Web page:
That initial trek through the jungle is renowned for great opportunities to spot wildlife and more peaceful climbing, which makes the transition to the snow-capped summit even more remarkable. Many trekkers on this approach aim to reach the summit at sunrise, providing a great opportunity for some remarkable photos to take home.
Approaching from the north, the Rongai Route is even wilder than the Lemosho and enjoys many benefits from skipping the crowds, not least the chance to see some spectacular wildlife, including elephants, buffalo and antelope.
This is the only route up Kilimanjaro that arrives from the north of the mountain and as such is far quieter, though the route has seen an increase in popularity in recent years. From the Rongai Gate, you will trek through the village of Nale Moru and pine forest to reach First Cave Camp, passing on to Kikelewa Camp, Mawenzi Tarn and Kibo Camp before attempting the summit in time for the sunrise.
The return journey descends to the Marangu Gate to provide a rich variety of views. Overall, the Rongai Route takes around seven days to complete, including a day of acclimatisation at Mawenzi Tarn that will increase your chances of successfully reaching the summit. Thanks partly to this, the Rongai is often regarded as the easiest way to climb Kilimanjaro, but don't take it lightly!
Despite its name, this route actually begins to the west of Kilimanjaro, arriving at the Londorossi Gate and following the Lemosho Route for the first two days. Where that route then diverts to meet the Marangu, the Northern Circuit heads north to traverse around the mountain and approach the summit from Third Cave Camp and School Hut.
The Northern Circuit is the longest route and takes around eight or nine days to complete, giving more time to acclimatise and therefore a great chance of successfully reaching the summit. It also diverts away from the busier southern approaches, providing a quieter and more tranquil experience.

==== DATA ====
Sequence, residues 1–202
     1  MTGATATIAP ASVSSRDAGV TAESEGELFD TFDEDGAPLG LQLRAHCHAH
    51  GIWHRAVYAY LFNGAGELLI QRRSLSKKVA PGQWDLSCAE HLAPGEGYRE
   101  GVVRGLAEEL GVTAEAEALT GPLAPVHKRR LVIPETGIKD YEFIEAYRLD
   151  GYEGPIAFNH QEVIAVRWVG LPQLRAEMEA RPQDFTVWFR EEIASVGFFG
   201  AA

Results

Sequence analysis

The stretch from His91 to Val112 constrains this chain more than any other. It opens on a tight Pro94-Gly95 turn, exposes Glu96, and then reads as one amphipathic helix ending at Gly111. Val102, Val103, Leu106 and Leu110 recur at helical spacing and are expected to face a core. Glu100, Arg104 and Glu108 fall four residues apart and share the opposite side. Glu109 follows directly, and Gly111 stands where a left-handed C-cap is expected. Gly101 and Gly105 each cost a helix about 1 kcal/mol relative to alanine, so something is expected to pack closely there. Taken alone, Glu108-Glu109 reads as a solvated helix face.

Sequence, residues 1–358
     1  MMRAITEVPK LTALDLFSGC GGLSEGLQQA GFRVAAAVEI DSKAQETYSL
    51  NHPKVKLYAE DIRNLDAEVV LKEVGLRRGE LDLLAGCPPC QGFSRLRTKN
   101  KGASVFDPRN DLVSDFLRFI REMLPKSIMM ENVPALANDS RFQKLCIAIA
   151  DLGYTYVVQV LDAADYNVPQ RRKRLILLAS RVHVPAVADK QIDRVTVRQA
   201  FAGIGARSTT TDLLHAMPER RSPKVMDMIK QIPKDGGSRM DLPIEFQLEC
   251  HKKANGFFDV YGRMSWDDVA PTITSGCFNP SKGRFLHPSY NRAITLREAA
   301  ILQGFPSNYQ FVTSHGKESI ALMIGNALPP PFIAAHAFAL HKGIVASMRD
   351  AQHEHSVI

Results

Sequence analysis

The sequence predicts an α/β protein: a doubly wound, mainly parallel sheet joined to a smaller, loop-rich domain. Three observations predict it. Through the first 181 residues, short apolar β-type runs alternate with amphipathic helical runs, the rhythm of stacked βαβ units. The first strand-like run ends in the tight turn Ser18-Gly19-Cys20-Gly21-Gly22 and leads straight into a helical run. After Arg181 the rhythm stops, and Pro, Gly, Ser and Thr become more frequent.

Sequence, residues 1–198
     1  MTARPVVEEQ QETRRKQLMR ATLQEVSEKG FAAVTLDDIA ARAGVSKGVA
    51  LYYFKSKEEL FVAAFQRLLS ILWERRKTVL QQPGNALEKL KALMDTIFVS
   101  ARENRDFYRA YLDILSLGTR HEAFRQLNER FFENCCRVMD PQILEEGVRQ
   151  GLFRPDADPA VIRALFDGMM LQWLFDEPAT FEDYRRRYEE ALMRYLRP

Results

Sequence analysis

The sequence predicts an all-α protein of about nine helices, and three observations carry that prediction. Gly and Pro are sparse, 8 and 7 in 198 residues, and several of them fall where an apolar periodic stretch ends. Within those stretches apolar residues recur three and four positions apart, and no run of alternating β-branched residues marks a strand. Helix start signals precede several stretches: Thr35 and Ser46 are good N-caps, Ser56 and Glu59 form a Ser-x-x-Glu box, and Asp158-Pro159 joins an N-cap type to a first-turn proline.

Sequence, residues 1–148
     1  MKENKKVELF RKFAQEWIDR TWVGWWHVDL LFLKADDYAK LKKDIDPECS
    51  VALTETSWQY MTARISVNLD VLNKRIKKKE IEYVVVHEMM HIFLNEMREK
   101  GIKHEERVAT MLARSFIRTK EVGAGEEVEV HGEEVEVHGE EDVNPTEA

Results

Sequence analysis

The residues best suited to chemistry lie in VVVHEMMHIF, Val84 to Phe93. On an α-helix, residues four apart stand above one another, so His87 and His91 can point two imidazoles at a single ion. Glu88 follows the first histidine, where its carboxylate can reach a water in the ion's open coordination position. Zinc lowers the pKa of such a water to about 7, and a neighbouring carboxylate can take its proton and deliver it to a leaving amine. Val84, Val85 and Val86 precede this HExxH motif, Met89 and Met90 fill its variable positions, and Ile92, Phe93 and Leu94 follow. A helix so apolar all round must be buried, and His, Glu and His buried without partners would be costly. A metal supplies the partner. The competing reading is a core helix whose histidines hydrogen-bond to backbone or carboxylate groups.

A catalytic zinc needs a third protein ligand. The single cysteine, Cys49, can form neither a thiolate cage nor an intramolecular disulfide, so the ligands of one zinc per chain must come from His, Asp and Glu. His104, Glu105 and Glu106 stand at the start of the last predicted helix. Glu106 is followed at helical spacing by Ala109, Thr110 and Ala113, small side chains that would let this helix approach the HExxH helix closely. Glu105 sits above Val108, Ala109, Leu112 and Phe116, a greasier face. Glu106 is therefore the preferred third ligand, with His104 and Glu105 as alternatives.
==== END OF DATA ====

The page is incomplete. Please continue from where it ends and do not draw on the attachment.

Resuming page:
The rich variety of scenery and wildlife, from jungle paths to snowy peaks, along the Northern Circuit helps to create an incredible experience that will live long in the memory.
Whichever route up Kilimanjaro you choose, you will enjoy an epic trip to one of the most iconic adventure locations on Earth. Your choice of route will help to determine exactly how that experience will unfold, which may be determined by your previous trekking and mountaineering experience.
If you've not been involved in a multi-day trek or experienced high altitude before, you can still definitely get to the summit of Kilimanjaro but we'd also recommend getting some practise in first!
You can read our guide to the best hiking events in the UK this summer or check out a wider selection of challenge walks that will help you to prepare for your Kilimanjaro trek.
Follow the popular Machame Route to the summit of Kilimanjaro, offering a great success rate, with good acclimatisation and a great guide-to-client ratio to maximise chances of success.
Take a wilder route up Kilimanjaro, avoiding many of the crowds. Chance to embrace the spectacular natural beauty whilst still maximising acclimatisation and summit success on a fully guided trek.
Take the original route to the summit of Kilimajaro. The most popular route, with the advantage of dorm-style accommodation en route to offer a more comfortable experience.
Take a walk on the wild side, the only route to approach Kilimanjaro from the north, skip the crowds and take a tranquil, beautiful route to the summit, rich in African wilderness experiences.
Avoid the crowded southern routes, maximising chances of a successful summit bid, following the Northern Circuit route to the top of Kilimanjaro, on a fully supported, guided trek.
Face up to majestic Mount Kilimanjaro on this once-in-a-lifetime adventure, trekking from the savannah heat to the frozen summit at 5,895m above sea level, the highest point in Africa.
Face up to majestic Mount Kilimanjaro on this once-in-a-lifetime adventure, trekking from the savannah heat to the frozen summit at 5,895m - the highest point in Africa - over a shorter 6 day trek.